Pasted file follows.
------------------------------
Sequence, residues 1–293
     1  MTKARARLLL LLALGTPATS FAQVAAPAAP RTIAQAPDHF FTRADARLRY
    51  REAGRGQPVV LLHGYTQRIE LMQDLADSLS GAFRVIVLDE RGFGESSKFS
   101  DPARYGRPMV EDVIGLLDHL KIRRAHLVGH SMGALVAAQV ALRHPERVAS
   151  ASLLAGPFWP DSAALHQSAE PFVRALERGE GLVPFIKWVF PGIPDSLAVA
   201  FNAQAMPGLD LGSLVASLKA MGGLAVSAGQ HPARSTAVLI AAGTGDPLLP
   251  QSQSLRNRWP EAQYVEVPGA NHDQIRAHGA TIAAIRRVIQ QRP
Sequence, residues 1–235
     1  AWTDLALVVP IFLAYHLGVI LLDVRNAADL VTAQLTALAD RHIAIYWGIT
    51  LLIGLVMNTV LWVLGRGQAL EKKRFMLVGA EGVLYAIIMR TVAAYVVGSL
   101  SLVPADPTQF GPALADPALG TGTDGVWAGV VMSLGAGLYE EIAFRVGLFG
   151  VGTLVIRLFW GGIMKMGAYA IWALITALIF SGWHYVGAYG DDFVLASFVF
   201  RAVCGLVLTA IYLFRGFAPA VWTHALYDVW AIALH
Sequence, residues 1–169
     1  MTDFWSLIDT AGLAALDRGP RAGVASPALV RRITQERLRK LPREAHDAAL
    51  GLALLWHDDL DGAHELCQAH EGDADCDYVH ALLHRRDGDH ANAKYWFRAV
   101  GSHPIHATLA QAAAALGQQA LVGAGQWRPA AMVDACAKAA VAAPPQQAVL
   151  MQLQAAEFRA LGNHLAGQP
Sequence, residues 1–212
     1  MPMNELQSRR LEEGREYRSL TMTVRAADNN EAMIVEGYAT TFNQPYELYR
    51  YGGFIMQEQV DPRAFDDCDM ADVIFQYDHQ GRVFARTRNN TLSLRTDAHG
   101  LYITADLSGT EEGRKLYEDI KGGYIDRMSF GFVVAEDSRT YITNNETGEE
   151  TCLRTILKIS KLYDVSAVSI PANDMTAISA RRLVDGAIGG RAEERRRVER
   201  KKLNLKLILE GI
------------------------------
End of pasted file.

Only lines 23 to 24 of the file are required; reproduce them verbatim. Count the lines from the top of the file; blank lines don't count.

   151  TCLRTILKIS KLYDVSAVSI PANDMTAISA RRLVDGAIGG RAEERRRVER
   201  KKLNLKLILE GI